Homeowner needs tree advice/help..

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dtaylor
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Joined: Fri Nov 19, 2010 7:31 am

Homeowner needs tree advice/help..

Post by dtaylor » Fri Nov 19, 2010 5:00 pm

Hello everyone.. This is my first post on here. I just found you guys.. I'm hoping someone can help me with some questions about our tree. I think we need to cut it back and trim it up. But I'm not sure about when/what to trim and how much is ok. The last thing I want to do is hurt it in anyway.. Everyone LOVES this tree. And I think it's one of the biggest in the area.. I just tried to measure it myself and it's about 207" around the bottom.. I think it's a Pin Oak or a Willow Oak??

Any advice would be so apprecated..

Duane in Apex, NC
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Will Blozan
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Re: Homeowner needs tree advice/help..

Post by Will Blozan » Fri Nov 19, 2010 7:28 pm

Duane,

Looks like a gorgeous tree! I can't see the leaves but it looks like willow oak form, and if so is likely in need of not much, except perhaps deadwood removal and structural pruning. The species is awfully good at producing crossing branches and weak forks...

I'd set up a consult with a reputable certifed arborist in the area to see what may need attention.

http://www.isa-arbor.com/faca/findArborist.aspx

Will

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mdavie
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Re: Homeowner needs tree advice/help..

Post by mdavie » Fri Nov 19, 2010 8:14 pm

Yes, it does look like a willow oak from the bark and leaves in the blown-up but blurry photo. "Cut it back and trim it up" is a scary group of words to me. People are often under the misapprehension that their trees are getting "too big". Trees grow, and get larger. It doesn't implicitly make them more dangerous, though the potential for damage can rise with weight and reach as a tree grows. It's large and mature enough that issues that it might have should be looked at, like Will says, by a good arborist. If it doesn't have significant defects then do the proper maintenance, don't let it get too dry, and don't disturb the soil around it (with fill, trenching, driving or parking on, burning, grading, etc.).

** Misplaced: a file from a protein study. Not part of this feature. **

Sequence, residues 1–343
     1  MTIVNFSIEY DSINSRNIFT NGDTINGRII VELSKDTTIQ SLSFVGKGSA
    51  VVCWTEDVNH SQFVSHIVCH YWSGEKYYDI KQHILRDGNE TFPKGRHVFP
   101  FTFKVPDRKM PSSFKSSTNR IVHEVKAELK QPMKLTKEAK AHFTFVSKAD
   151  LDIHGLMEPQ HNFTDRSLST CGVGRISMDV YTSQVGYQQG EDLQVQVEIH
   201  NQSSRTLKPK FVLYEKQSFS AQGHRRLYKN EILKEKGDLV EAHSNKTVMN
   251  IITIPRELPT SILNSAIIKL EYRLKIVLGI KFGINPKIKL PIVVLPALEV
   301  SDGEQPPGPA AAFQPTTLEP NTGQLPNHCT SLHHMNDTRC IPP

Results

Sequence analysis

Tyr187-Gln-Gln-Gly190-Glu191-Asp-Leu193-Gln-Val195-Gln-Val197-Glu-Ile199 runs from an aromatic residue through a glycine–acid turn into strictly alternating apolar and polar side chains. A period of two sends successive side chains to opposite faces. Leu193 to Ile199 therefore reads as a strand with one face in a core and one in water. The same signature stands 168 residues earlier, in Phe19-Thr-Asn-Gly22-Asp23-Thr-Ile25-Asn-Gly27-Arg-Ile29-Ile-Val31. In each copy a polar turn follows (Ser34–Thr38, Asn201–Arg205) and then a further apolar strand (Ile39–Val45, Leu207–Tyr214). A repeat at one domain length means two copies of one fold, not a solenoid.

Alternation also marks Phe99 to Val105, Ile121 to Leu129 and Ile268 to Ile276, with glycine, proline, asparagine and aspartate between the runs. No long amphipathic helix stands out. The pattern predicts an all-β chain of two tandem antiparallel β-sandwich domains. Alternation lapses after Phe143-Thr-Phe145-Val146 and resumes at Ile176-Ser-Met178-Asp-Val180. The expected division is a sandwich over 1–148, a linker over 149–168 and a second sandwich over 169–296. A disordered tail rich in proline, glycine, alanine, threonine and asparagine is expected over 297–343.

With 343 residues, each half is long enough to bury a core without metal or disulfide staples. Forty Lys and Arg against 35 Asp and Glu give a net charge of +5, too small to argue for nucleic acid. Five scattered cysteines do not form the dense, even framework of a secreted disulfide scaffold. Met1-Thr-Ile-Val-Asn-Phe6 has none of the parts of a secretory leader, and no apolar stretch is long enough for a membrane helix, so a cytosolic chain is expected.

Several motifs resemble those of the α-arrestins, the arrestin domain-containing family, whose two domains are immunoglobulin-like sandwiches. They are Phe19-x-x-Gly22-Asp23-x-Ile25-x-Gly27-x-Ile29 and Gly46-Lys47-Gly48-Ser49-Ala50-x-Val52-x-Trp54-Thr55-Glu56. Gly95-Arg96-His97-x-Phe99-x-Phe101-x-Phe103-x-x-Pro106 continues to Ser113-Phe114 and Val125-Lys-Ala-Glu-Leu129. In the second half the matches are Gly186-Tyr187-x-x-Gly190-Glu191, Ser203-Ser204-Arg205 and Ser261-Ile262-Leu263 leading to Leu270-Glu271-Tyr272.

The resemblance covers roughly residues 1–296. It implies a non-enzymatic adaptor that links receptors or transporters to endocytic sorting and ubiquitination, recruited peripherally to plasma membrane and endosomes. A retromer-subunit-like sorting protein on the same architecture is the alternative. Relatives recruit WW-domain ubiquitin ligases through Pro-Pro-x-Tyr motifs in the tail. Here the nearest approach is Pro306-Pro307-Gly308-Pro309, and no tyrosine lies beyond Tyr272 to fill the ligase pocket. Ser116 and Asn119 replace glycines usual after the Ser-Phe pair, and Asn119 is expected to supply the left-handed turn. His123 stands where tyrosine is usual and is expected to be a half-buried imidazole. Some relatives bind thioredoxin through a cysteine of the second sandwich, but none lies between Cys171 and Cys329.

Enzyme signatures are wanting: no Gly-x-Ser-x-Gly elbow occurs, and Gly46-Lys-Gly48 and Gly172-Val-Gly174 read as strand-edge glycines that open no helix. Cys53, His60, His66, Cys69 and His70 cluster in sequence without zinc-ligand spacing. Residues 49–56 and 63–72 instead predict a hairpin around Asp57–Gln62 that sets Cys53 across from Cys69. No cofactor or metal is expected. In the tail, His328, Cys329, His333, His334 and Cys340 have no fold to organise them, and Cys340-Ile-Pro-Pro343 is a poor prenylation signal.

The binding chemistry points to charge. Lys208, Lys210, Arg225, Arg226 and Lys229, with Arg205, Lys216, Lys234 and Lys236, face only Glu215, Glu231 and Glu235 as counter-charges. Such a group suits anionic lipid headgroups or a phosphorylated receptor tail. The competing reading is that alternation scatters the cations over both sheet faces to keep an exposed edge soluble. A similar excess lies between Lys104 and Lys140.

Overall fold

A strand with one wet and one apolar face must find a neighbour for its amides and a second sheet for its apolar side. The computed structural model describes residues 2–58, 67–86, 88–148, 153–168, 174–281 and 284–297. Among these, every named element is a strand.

But find a good arborist, not just someone who can run a chainsaw.

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Steve Galehouse
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Re: Homeowner needs tree advice/help..

Post by Steve Galehouse » Fri Nov 19, 2010 10:09 pm

dtaylor-

It looks like a gorgeous tree, to me---I'd just keep doing whatever you have been doing with it, and if you haven't been doing anything, continue.

Steve
every plant is native somewhere

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gnmcmartin
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Re: Homeowner needs tree advice/help..

Post by gnmcmartin » Sat Nov 20, 2010 9:14 am

Before you let any arborits start work, ask very specifically what he plans to do. If he says that he will top the tree and/or cut off the ends of the branches to shorten the tree and "make it less susceptible to windthrow," find another arborist. The tree looks good to me and am not sure how much, if anything, needs to be done. Most trees can use some trimming--removal of dead or crossing, etc. branches--from time to time, but I see a risk in letting anyone start "messing" with your tree. They can do too much and/or make mistakes.

Of course, if you can find an arborist as good as Will, you will be in very, very good hands!!

--Gaines

dtaylor
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Joined: Fri Nov 19, 2010 7:31 am

Re: Homeowner needs tree advice/help..

Post by dtaylor » Sat Nov 20, 2010 10:44 am

I would like to cut it back some on the lower limbs. It's hanging over the house and garage and also where people park. And any storms we have there are always some broken/dead limbs falling.. So I'm not talking about major cut back just a clean up on the lower level..

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gnmcmartin
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Re: Homeowner needs tree advice/help..

Post by gnmcmartin » Sat Nov 20, 2010 11:14 am

The risk of strong healthy limbs falling out of any tree is slight. Of course there are storms that can destroy any tree.

If you have healthy, vigorous limbs cut back, they will simply re-sprout and grow again, and the points where the cuts were made and the limbs have sprouted new growth will be weak points and increase the chance of future falling limbs. If you can find a good certified arborist, he can tell you that and you can decide whether to remove entire limbs that may be at risk, or just clean out dead and weak wood. Anyway, your tree is beautiful and you should avoid damaging it.

--Gaines

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